Levontie Kundozerov, 1900–1938 (aged 37 years)
|Birth|| July 18, 1900
|Birth of a sister||Okahvie Kundozerov|
January 2, 1905 (aged 4 years)
|Birth of a brother||Lazarus Kundozerov|
April 14, 1907 (aged 6 years)
Source: Petroskoi Archives
Note: Recorded here is the date in the Archives. This differs from the date known in Finland (20th Mar 1906) which he gave when he entered Finland. Also, the Archive date is in the old Russian calendar.
|Birth of a half-sister||Hekla Kundozerov|
June 17, 1909 (aged 8 years)
|Birth of a brother||Vasilei Kundozerov|
February 11, 1912 (aged 11 years)
|Death of a father||Mehvo Kundozerov|
January 10, 1922 (aged 21 years)
Cause: Shot by Bolsheviks
|Birth of a son||Anti Kundozerov|
1927 (aged 26 years)
|Birth of a daughter||Olga Kundozerov|
1928 (aged 27 years)
|Birth of a daughter||Kseniya Kundozerov|
1931 (aged 30 years)
|Birth of a son||Ivan Kundozerov|
1935 (aged 34 years)
|Birth of a daughter||Aino Kundozerov|
June 22, 1936 (aged 35 years)
|Death|| 1938 (aged 37 years)|
|Marriage||Marriage — April 15, 1898 —|
5 yearsyounger sister
2 yearsyounger brother
5 yearsyounger brother
The following name was taken from a list of victims, as described below:
Kundozerov Leonti Mefodjevitš s.1902 Sokolozero (Soukelo) Kiestingin piiri karjalainen metsänkaataja Sokolozero ammuttu 10.02.1938 .
In August 1937, the NKVD ordered prison camp wardens to submit lists of prisoners they thought were still conducting anti-state agitation. Tens of thousands of names were processed by the secret police and a three-man panel, called the Osobaya Troika or "special three," signed the death sentences and dispatched them back to thousands of Gulags across Soviet Russia. The warrants ordered the executions of 4,500 slave laborers from the White Sea canal, 1,116 inmates of the Solovetskiye camps, and nearly 3,500 other Karelian political prisoners. The victims were lawyers, school teachers, scholars, professors, ethnic minorities, religious leaders, university students, and common workers.
A list of the names, biographical data, and dates of execution of 141 Finnish Americans executed and buried in a secret KGB mass grave at Sandarmokh in the Karelian Republic of the Russian Federation. Fourteen victims were American citizens by birth. It is unknown how many of the others, who immigrated to the United States early in the twentieth century, were naturalized American citizens at the time of their move from the United States to the Soviet Union in the early 1930s.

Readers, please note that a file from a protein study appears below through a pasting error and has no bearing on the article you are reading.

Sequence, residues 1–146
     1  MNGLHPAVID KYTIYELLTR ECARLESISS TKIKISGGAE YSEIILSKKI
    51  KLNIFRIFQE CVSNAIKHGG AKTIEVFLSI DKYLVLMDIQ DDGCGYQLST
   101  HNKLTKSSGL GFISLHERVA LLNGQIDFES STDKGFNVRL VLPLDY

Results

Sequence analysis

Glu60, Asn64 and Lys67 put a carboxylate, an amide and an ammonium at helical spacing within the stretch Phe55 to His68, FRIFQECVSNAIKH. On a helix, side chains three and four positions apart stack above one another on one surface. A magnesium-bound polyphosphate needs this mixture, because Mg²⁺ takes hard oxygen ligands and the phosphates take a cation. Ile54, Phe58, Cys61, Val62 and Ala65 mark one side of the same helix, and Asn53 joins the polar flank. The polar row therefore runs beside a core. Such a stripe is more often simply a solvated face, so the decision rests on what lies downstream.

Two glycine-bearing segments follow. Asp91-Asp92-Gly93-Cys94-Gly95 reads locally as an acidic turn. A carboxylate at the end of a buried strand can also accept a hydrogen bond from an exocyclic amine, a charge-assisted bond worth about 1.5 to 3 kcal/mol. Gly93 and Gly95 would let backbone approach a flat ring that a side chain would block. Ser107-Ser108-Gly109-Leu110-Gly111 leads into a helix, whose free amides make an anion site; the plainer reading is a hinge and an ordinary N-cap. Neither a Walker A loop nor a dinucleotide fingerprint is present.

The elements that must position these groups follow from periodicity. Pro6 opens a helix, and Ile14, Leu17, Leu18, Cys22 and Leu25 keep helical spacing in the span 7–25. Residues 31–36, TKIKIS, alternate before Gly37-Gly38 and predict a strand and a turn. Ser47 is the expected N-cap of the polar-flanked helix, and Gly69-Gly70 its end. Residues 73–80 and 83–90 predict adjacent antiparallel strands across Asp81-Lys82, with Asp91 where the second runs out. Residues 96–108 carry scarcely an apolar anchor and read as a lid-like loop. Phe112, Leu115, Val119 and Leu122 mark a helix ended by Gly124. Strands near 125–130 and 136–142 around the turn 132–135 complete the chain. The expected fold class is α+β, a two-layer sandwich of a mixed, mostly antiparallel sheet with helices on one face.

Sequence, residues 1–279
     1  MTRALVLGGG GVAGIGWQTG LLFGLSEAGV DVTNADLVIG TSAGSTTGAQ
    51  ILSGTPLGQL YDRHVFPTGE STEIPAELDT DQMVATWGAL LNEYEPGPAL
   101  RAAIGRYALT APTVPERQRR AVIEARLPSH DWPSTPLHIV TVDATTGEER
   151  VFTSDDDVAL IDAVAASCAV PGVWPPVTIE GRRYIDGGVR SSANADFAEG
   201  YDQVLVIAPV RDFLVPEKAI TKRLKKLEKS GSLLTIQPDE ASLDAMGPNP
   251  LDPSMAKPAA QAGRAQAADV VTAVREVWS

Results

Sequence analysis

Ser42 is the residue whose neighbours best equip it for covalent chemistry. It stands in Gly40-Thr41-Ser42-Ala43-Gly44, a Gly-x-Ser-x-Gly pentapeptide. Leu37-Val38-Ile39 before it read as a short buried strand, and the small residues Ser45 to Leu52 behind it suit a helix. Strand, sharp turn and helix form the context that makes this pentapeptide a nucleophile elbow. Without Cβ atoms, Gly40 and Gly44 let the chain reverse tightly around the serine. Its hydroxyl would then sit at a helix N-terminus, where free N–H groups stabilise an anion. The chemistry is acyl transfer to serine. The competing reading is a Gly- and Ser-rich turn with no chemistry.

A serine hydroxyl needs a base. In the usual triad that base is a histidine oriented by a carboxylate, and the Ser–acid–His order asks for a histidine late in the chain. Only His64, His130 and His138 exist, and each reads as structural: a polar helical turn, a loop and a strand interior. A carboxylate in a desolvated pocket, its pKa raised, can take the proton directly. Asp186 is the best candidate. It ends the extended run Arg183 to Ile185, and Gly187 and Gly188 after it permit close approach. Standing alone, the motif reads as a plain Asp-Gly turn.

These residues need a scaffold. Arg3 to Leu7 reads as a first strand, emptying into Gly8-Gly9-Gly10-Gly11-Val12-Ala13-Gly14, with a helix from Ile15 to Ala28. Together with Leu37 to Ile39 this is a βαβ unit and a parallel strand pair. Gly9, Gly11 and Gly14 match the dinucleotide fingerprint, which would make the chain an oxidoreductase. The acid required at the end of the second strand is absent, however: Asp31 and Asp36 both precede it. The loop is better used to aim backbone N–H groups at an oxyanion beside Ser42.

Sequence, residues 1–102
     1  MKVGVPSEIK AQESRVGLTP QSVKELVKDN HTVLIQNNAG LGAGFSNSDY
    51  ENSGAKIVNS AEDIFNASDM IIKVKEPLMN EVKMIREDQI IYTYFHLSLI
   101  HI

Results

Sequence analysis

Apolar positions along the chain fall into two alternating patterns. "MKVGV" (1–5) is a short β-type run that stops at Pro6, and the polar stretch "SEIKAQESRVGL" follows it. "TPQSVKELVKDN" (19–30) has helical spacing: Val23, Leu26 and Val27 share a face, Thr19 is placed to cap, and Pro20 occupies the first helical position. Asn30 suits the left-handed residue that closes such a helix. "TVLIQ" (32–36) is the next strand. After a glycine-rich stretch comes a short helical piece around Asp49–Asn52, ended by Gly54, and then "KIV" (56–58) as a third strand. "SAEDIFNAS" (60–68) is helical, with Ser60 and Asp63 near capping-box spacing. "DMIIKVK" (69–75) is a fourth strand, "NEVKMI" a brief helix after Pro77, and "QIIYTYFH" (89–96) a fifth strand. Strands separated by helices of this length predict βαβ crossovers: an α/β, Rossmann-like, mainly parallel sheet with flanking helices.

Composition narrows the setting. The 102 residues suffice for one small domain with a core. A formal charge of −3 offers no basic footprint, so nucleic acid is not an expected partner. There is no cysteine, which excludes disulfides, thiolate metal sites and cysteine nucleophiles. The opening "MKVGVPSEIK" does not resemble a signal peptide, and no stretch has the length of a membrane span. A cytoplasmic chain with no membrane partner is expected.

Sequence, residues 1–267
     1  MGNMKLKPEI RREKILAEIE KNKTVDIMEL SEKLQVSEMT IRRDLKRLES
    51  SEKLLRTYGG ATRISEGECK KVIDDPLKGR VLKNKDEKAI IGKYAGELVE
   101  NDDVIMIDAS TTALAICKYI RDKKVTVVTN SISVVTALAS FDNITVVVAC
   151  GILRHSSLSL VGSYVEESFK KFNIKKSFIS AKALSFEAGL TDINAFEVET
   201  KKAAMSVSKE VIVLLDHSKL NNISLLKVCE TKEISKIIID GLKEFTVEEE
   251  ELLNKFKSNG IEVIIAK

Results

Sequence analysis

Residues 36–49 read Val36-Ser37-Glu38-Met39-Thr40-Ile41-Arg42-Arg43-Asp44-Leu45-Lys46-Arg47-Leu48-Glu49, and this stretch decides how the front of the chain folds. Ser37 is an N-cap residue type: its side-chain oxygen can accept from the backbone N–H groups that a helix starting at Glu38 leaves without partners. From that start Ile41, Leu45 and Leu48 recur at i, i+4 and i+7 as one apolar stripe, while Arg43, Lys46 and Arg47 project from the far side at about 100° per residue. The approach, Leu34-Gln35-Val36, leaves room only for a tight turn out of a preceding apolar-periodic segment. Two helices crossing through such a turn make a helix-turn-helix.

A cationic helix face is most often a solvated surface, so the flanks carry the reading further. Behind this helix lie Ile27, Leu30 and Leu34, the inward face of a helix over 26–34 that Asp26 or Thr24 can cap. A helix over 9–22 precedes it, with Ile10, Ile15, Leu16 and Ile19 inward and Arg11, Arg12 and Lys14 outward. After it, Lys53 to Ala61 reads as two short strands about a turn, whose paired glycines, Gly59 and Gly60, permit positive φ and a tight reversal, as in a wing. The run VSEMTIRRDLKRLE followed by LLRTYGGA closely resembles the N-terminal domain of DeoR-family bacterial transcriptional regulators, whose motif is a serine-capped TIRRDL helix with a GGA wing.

The list of victims is based on the late Mayme Sevander’s research in archives in Petrozavodsk, Russia. This victims of Karelia list was translated into English by Jukka Pietilainen and Carl Ross from a similar list found in the the Finnish language journal Carelia (issues 2-9, 1998) published in Petrozavodsk.
The names in KGB archives are in Russian and follow Russian naming conventions which include patronymics. The latter, however, were not customary among North American Finns. To preserve the authenticity of KGB documents the Russian patronymics have been preserved, while the Finnish/English spelling is given in parentheses. Russian patronymics have double markers: OVA/EVA, indicating the possessive case; and ICH/vitš -- masculine, NA -- feminine. Thus, Ivanovich -- son of Ivan; Ivanovna -- daughter of Ivan.
In addition to KGB and other archival records, Sevander made use of Yuri Dmitriev, Mesto Rasstrela Sandarmokh [Sandarmokh Is Where They Were Executed] (Petrozavodsk [Russia], 1999); Eila Lahti-Argutina, Olimme Joukko Vieras Vaan [We Were Just a Bunch of Strangers] (Turku [Finland]: Siirtolaisuusinstituutti, 2001); and Mayme Sevander, Vaeltajat [Wanderers].
Victims of Karelia List (All Nationalities)